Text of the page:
Before we welcome in the New Year, Trulia’s Chief Economist looks back at 5 events that really mattered for housing in 2011 – and beyond.
Government, the mortgage industry and forces of nature all shook the housing market in 2011. They had both an immediate impact and slow-burning effects, setting the stage for a bumpy 2012 with more foreclosures, political battles and local market risks.
1) Robo-Signing Reverberations
The “robo-signing” scandal – where banks were accused of approving foreclosures with incomplete or incorrect documentation – exploded in October 2010, but where are we now? Banks want a settlement in order to avoid costly, drawn-out lawsuits. One is shaping up that could reduce loan balances or interest rates for current homeowners, give payments to people who lost their homes and establish new mortgage servicing standards for the future.
Even if you think there’s money coming to you because you lost your home, don’t start spending against your settlement windfall just yet. One estimate from the Wall Street Journal is for a settlement of $25 billion if all states participate. Another report from TIME says that will translate into $1,500-$2,000 for households who were mistreated in the foreclosure process. A couple thousand dollars will give people some breathing room, but it won’t change anyone’s financial lives. And, be patient: it could be months before a deal is reached, an administrator is in place and the details are finalized.
Until that’s all figured out, here’s the immediate drama: who’s in and who’s out? Some states might hold out for a better deal or decide to sue these mortgage servicers directly, as Massachusetts has. California was the first and most vocal state to back out, and New York, Delaware, and Nevada have spoken out, too.
What Really Mattered: The threat of robo-signing lawsuits made banks gun-shy about pursuing foreclosures in 2011, which left many homes stuck in the foreclosure process. But once a settlement is reached, we’ll see a rush of foreclosures in 2012.
2) The Debt Ceiling and the Budget Deficit
The federal government is running a deficit — it is spending more than it collects in taxes and other revenue – so it borrows to cover the gap by issuing debt. When there’s a deficit, we add to the pile of debt. To shrink this pile, the government needs to collect more than it spends (or, if you prefer, spend less than it collects) and use the surplus to reduce the debt.
In August, the government played a game of chicken over whether to raise the debt ceiling – which is really just a formality acknowledging that the deficit requires issuing debt to keep the government going. However, the right way to deal with the debt is to reduce the deficit – not by fighting over the debt ceiling.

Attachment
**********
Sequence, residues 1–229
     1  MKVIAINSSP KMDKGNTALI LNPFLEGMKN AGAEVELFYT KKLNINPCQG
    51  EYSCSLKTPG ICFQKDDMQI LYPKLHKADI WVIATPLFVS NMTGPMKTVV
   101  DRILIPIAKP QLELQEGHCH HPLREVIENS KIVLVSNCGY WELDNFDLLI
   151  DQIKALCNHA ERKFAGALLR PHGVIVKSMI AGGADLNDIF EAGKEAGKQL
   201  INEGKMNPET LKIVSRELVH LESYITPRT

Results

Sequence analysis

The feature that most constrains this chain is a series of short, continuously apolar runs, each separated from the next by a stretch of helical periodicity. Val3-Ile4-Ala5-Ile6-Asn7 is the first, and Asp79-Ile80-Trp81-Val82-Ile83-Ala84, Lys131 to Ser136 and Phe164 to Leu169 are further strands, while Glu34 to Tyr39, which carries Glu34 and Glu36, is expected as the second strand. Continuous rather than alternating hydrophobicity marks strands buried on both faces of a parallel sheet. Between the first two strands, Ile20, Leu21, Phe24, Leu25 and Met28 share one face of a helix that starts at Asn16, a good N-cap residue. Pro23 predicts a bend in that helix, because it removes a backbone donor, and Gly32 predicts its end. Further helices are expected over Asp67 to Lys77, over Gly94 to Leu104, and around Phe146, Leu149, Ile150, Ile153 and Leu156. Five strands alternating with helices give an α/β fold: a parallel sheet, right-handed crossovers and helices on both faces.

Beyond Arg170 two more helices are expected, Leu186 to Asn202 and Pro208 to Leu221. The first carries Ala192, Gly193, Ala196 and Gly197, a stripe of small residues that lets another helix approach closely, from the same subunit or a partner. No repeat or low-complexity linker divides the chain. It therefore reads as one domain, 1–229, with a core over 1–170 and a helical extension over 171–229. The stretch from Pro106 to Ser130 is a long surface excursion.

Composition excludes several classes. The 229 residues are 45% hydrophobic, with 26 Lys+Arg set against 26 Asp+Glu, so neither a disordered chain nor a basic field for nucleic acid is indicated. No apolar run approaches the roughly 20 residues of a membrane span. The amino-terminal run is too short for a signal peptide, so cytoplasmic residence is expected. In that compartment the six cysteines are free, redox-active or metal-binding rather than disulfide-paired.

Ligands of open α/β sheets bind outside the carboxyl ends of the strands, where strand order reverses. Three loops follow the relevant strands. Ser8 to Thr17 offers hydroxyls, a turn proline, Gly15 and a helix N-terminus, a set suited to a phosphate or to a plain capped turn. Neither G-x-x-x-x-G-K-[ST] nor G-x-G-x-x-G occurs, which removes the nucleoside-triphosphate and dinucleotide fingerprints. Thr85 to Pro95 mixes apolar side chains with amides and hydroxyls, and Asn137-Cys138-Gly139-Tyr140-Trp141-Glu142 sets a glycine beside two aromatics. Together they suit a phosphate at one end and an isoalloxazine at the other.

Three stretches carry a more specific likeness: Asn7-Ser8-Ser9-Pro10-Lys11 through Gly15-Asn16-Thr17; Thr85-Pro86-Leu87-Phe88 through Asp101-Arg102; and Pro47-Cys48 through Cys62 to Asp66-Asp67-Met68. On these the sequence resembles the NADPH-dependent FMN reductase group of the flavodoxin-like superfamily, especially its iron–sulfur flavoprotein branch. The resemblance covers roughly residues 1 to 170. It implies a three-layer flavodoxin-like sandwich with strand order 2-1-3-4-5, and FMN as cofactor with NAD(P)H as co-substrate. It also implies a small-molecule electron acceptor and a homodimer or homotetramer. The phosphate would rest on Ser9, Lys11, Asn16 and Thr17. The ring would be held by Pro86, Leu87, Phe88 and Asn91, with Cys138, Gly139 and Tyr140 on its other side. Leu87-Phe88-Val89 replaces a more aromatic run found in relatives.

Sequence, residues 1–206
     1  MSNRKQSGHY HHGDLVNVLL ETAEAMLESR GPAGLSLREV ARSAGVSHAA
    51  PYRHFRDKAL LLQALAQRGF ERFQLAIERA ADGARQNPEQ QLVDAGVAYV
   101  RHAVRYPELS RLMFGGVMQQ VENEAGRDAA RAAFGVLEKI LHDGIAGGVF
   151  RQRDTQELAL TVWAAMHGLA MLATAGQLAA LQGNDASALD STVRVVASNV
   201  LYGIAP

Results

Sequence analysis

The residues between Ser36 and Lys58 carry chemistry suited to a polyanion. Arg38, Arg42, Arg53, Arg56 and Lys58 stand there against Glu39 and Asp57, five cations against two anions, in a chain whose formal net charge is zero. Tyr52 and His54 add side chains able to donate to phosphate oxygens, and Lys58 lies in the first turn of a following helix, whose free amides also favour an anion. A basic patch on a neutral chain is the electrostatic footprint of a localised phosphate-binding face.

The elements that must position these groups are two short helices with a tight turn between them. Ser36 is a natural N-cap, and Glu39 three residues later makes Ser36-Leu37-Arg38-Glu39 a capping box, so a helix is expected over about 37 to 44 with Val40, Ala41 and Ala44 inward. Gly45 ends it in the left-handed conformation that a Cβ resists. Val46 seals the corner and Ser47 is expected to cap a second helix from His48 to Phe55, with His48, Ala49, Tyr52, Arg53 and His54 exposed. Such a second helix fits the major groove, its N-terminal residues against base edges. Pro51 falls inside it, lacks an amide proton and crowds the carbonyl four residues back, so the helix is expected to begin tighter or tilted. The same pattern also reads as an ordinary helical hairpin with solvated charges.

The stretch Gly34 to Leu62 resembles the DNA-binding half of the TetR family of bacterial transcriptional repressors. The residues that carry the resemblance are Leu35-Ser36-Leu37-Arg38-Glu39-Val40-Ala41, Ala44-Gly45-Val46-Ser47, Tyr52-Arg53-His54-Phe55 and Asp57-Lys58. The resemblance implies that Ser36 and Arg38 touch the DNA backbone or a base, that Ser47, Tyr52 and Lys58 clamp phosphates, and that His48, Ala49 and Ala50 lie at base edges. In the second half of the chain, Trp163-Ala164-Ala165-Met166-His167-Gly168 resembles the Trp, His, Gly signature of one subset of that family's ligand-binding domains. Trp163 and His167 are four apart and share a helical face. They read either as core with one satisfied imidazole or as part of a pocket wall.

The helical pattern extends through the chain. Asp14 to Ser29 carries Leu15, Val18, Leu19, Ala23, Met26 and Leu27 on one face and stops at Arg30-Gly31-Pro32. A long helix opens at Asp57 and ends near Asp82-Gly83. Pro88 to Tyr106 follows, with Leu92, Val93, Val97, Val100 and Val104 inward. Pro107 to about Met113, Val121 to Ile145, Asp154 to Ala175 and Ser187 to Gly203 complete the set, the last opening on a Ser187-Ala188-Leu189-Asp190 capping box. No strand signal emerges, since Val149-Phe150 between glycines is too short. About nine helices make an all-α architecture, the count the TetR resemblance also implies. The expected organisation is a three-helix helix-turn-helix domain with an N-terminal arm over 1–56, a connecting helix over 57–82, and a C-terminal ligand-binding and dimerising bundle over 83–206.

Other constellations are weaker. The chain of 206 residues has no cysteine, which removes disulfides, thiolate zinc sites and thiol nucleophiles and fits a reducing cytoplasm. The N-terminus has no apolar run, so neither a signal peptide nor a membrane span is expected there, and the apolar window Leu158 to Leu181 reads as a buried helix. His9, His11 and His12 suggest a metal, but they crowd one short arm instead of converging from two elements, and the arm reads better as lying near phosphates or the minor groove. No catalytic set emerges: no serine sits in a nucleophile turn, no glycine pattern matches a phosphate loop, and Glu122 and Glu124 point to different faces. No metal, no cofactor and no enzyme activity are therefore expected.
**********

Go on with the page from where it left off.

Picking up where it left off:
Long before the debt ceiling debate and Standard & Poor’s federal credit-rating downgrade, we all knew that the federal budget was in bad shape. The debt ceiling debate rattled the markets and consumer confidence temporarily but interest rates stayed low. The important effect was that Congress created a bipartisan supercommittee to tackle the deficit – but it couldn’t reach agreement by its November deadline.
What Really Mattered: The deficit-reduction supercommittee teased us with some policy proposals that will surely rear their heads again. One idea that both Republicans and Democrats didn’t totally disagree about was reducing the mortgage interest and other tax deductions. If and when that happens, high-income homeowners with mortgages would pay a lot more in taxes.
3) The Expansion of HARP
In October, the Federal Housing Finance Agency (FHFA) said seriously underwater homeowners will be able to refinance through the Home Affordable Refinance Program (HARP). Originally, refinancing under HARP required a loan-to-value of less than 125% — that is, you couldn’t be more than 25% underwater – but that rule goes away for fixed-rate mortgages. But there’s a catch! Loans must be guaranteed by Fannie Mae or Freddie Mac, and – more importantly – borrowers must be current on their payments and must not have missed a payment in the last 6 months.
What Really Mattered: Some seriously underwater borrowers who fell behind on their payments in hopes of negotiating a loan modification are now kicking themselves because those missed payments make them ineligible to refinance. But those who can and do refinance will have lower monthly payments and extra money to spend — which will help stimulate the economy.
4) Natural Disasters Cause Insurance Disaster?
In 2011, several tornados, floodings and a hurricane temporarily halted what little construction there was to begin with, but this was just a short-term slowdown. The bigger long-term effect was the near-collapse of the federal government’s National Flood Insurance Program (NFIP). Still struggling financially under debt amassed after Hurricane Katrina, the NFIP’s insurance premiums don’t fully cover insurance claims when disaster strikes. August’s Hurricane Irene and its flood damage returned this problem to center-stage.
What Really Mattered: In flood-prone areas, you can’t get a mortgage if you don’t have flood insurance. Without NFIP, housing markets in these areas would skid to a stop. Could the program actually expire? It could, but as part of last week’s payroll tax agreement, the program got a last-minute extension until May 2012. No doubt, the political fight over this program’s long-term future will continue in into next year.
5) Lowering the Conforming Loan Limit
Starting in October, the government lowered the upper limit for loans backed by Fannie Mae or Freddie Mac or insured by the Federal Housing Administration (FHA) from $729,750 to $625,500. Why? Government agencies now back or insure most loans, but it’s time to make the housing market less dependent on the feds. Lowering loan limits is one step in that direction; however, the real estate industry has urged the government to push the loan limits back up. And you know what? They scored a half-win in November, raising the loan limit back up for FHA loans but not for Fannie and Freddie.